// Internet Duct Tape

Greasemonkey Script: Find images that are too wide

Ever try to stick a 550 pixel-wide image into a 500 pixel-wide space? Firefox will increase the space, but under Internet Explorer 6 (or lower) it will move the sidebar so that it comes AFTER the blog posts.

Figure 1: Crappy MSPaint drawing explaining what I’m talking about.

Inserting an image that's the right widthInserting an image that's too wide in FirefoxInserting an image that's too wide in Internet Explorer

Find Wide Images is a GreaseMonkey script for Firefox. I use it to find images that are too big and would “break” fixed width blog themes under Internet Explorer.

What it does

  • Warns if images are too big and will break your blog.
  • Suggests dimensions for resizing images so they will fit.

Figure 2: Highlighting which image is too big and breaks the theme.

greasemonkey-imagewidth-sample.png

Why would you want to find images wider than a certain size on a web page?

Blog themes come in two flavours. Fluid/liquid where the template stretches around the content to use the maximum width and fixed where the template will always be a certain number of pixels wide.

Problems can arise when using a fixed width template with images. If the image is too wide to fit it can stretch the fixed width section. This can break your sidebar in Internet Explorer 6 by pushing your sidebar so that it comes after all of your content.

As a Firefox user I don’t “test” my blog in Internet Explorer 6 very often (even though it still has 50% of the browser market share). So I needed a script that scans my blog and warns me if I’ve added an image that is too big and will break my blog template under IE 6.

*Very Important*

This script doesn’t work “out of the box”. You need to edit the list of pages it runs on to include your blog. Find out how to do that.
I’ve set it up so that the default width is 500px (which is good for most WordPress.com templates) but you may need to change the value for whatever is appropriate for your site. Find out how to do that.

How to install it

  1. You need to use the Firefox web browser
  2. You need to have the Greasemonkey extension installed
    1. If you really want to use it with Internet Explorer, it might work with Trixie or Turnabout installed
  3. You need to go here and install the Greasemonkey script

Tested with Greasemonkey 0.6.6 and Firefox 2.0.0.1

Initial Configuration – Configure to use your blog

You need to configure the script to run on your blog.

Step 1: Open the Greasemonkey management window.

Tools >> Greasemonkey >> Manage User Scripts

greasemonkey-manage-scripts.png

Step 2: Select the script and edit the “Include Pages”

greasemonkey-imagewide-change-sites.png

Step 3: Change the URL from beatsentropy.com to your blog address

I would use *

NOTE: the final * at the end of the URL is important.

greasemonkey-edit-pages.png

Initial Configuration – Change the image width


Step 1: Open the Greasemonkey management window.

Tools >> Greasemonkey >> Manage User Scripts

greasemonkey-manage-scripts.png

Step 2: Select the script and choose “Edit”

greasemonkey-imagewidth-edit1.png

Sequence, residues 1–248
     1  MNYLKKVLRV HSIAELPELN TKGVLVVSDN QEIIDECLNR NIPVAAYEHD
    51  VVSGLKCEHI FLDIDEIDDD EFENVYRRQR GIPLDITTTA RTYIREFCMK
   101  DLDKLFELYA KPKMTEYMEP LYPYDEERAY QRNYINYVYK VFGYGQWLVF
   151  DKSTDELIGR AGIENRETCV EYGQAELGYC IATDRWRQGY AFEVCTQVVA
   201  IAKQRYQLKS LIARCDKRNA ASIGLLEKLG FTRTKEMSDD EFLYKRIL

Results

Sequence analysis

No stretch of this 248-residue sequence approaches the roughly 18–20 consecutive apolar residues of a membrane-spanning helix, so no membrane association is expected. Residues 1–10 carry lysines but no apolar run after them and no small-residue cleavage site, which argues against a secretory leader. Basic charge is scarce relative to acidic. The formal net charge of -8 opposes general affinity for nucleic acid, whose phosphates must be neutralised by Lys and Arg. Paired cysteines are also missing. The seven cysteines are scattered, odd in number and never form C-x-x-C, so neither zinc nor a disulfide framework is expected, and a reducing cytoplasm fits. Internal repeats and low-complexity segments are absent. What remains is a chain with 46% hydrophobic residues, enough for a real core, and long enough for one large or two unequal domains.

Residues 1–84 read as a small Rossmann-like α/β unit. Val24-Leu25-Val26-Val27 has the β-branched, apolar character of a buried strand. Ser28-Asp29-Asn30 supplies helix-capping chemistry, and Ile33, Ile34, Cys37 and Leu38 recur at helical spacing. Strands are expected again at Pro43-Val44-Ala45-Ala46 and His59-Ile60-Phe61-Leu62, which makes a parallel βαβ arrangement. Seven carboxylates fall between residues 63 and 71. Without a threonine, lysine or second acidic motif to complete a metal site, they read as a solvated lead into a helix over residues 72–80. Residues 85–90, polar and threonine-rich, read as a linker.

Step 3: Find the line with MAX_WIDTH and change the value from 500 to what you want it to be.

NOTE: It will open whatever your default application for .js file is. Notepad is fine.

greasemonkey-imagewidth-changewidth.png

Like it? Link it!

I’m glad you find it useful. I rarely check my blog in IE6 so I needed a quick way to identify problems when running Firefox.

Show your appreciation by linking to this page: http://internetducttape.com/tools/wordpress/findwideimages/

See the full list of free software I have created.

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7 Responses

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  1. billg said, on January 13, 2007 at 4:44 am

    Ok, are you talking about running afoul of IE’s wrong-headed notion of the Box Model? I.e., IE 5 and 5.5 size block elements differently than the rest of the world. So, I think, does IE6 in quirks mode, but I’m not sure about that.

    I just size photos to fit. Don’t put a 300-pixel photo in a 200-pixel space. No problems. Or, am I missing something obvious?

    The flipside of this is how to handle images in fluid and elastic displays. Do they always stay the same size, or do you find a way to show more picture as the page size increases?

  2. engtech said, on January 13, 2007 at 7:41 am

    Yes, that’s what I’m talking about. I’m running Firefox, and I needed a way to find out if I’m doing something that breaks the IE6 box (because it will look fine in FF).

    What this script is all about is automatically telling you when you put a 300-pixel photo in a 200-pixel space, since it would look ok in Firefox, but horrible in IE6.

  3. renaikan said, on January 14, 2007 at 12:03 am

    I adjusted my photo size to fix this as well. It’s such a burden to jump from one browser to the other to double check that it displays correctly.

  4. engtech said, on January 14, 2007 at 12:43 am

    Yup. That’s why I wrote this, so that I can check it all out in Firefox.

  5. Brian said, on January 16, 2007 at 10:12 pm

    Thanks. I usually remember to adjust the width, but sometimes I forget. I wasn’t sure it was working (because apparently I don’t forget often), but 7 pages into my blog I found one.

    Thanks again.

  6. Lloyd Budd said, on January 17, 2007 at 2:40 am

    You are always working on the cool.

  7. engtech said, on January 17, 2007 at 2:43 am

    What’s funny about this:

    Script to find bad images: 4 minutes to code.
    Documentation: 30 minutes.

    :)


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